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Queensland Safety Conference highlight impact of sedentary working on health

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Genevieve Healy, from University of Queensland and Baker IDI research fellow, will address the Queensland Safety Conference to warn employers of the damage sitting for hours can cause to their health. Queensland Safety Conference is organised by Australian Exhibitions & Conferences .

New Australian research shows hours of sedentary activity such as typing emails or sitting at a quality control station, are associated with higher cardio-metabolic health risks that are independent of time spent in moderate-to-vigorous intensity physical activity. According to Healy, although Australians have adopted the recommendation of getting at least 30 minutes of moderate to vigorous activity on at least five days of the week, they have been getting overweight.

The explanation is that 30 minutes constitutes a small proportion of waking hours. It is important to look at what the person is doing for the remaining hours of the day. A person who follows the guidelines of 30 minutes of brisk walking and spends the other 97% of waking hours sitting is physically active according to public health guidelines. Healy observes that sedentary behaviour has been embedded into workplaces. Computers and labour-saving devices have replaced the need to stand up and move about at work, as well as the physical activity involved in manual handling tasks. Active workers are exercising less as labour-saving devices such as powered pallet trucks reduce the amount of walking in factories and warehouses.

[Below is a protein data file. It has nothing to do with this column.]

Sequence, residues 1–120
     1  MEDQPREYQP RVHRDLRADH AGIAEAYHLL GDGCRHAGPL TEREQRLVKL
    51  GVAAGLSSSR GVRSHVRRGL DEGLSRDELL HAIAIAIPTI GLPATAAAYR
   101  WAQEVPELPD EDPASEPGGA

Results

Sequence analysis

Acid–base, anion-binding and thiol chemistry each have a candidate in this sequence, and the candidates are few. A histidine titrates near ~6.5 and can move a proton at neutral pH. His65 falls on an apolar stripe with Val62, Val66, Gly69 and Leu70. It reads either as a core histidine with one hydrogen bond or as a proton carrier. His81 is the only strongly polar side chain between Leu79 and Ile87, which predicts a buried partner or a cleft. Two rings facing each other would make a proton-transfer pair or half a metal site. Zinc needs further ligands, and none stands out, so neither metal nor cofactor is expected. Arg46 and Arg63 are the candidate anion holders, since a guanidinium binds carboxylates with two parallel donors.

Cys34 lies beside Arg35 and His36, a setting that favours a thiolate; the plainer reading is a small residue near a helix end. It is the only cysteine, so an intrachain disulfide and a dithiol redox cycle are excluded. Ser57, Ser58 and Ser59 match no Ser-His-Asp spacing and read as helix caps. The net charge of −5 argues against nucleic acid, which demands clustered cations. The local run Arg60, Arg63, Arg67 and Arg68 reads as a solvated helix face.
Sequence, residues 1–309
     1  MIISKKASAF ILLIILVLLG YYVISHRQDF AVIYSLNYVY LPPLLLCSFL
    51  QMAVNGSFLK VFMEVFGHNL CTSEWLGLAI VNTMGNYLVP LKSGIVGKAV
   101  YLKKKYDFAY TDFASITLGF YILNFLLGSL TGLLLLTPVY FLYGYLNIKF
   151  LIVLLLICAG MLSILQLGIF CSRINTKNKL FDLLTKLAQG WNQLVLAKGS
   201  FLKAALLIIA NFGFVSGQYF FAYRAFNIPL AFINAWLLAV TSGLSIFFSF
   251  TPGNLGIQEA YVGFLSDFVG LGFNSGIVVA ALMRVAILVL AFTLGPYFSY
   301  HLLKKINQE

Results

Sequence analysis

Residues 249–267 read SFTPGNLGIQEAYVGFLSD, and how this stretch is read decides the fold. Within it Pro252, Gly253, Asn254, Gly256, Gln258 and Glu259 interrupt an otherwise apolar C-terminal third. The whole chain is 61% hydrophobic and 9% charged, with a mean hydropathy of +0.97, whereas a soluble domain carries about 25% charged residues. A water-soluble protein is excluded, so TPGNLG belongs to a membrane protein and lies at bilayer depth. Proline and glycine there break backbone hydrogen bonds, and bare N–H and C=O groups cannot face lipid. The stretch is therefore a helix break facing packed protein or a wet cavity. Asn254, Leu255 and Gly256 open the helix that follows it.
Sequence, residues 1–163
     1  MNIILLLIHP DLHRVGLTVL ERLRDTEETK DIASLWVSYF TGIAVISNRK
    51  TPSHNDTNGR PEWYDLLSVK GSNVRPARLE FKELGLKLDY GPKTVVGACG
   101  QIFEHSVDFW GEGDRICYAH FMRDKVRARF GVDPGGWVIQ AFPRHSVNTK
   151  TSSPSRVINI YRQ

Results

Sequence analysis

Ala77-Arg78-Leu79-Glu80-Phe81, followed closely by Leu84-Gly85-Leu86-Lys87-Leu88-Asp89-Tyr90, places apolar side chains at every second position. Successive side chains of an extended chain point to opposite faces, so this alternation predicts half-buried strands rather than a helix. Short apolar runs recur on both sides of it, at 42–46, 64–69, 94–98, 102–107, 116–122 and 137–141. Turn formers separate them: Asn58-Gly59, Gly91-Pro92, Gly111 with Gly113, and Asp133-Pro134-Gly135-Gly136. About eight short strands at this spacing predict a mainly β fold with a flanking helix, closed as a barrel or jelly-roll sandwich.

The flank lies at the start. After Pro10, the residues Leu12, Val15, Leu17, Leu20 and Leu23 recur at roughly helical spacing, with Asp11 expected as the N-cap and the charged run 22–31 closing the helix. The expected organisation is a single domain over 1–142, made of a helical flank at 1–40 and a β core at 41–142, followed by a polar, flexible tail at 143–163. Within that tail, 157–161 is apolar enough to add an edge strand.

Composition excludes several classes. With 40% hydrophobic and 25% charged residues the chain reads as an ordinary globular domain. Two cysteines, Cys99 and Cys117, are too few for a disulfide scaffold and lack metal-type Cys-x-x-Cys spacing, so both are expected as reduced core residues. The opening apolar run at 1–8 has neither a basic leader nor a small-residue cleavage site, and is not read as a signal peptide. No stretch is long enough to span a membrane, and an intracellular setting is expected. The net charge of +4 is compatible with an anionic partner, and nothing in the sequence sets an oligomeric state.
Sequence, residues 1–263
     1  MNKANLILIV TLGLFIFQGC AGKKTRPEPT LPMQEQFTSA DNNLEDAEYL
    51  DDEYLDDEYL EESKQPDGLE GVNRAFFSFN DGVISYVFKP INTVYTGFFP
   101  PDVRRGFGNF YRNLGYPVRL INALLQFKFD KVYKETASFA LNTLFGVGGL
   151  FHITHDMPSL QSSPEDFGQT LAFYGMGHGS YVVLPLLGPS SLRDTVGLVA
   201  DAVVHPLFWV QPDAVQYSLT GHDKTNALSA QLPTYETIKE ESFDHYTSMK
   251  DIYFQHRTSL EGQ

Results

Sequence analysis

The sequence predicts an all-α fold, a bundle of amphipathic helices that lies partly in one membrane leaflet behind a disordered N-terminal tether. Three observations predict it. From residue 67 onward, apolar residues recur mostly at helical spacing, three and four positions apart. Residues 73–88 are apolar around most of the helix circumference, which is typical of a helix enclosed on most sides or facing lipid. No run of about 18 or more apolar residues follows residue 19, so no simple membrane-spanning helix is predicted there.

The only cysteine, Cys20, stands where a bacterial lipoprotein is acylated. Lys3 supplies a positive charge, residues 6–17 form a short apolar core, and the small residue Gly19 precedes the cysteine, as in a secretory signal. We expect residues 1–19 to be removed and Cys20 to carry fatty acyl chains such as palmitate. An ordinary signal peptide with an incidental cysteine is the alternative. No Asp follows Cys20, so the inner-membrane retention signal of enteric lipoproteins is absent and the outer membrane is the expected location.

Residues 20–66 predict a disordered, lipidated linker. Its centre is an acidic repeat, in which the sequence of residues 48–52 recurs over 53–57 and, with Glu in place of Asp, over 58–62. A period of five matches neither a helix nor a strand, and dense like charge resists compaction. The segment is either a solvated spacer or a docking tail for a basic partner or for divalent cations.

Healy adds that work is now a sitting-friendly environment and together with commuting accounts for most of the waking hours. For these reasons, the workplace is a key setting in which to influence and modify sedentary behaviour. Rather than focusing on ways to reduce manual handling, the safety profession needs to consider ways to bring back physical activity into the jobs.

While technology has led to more sedentary working lives, Healy says it could be used to boost activity levels. Some of the recent innovations to reduce sitting time include electronic sit to stand desks (employees can transition easily from sitting to standing) and slow-moving treadmills, so that they are walking while they are working.

There are simple ways to encourage people to stay active at work. High benches can be put in the tea room and office, so employees can easily incorporate standing into their working lives while eating lunch or reading. If workers are worried about their own activity levels, they can stand up while talking on the phone and cut down on the number of emails they send and instead get up to chat with colleagues in person when they can.

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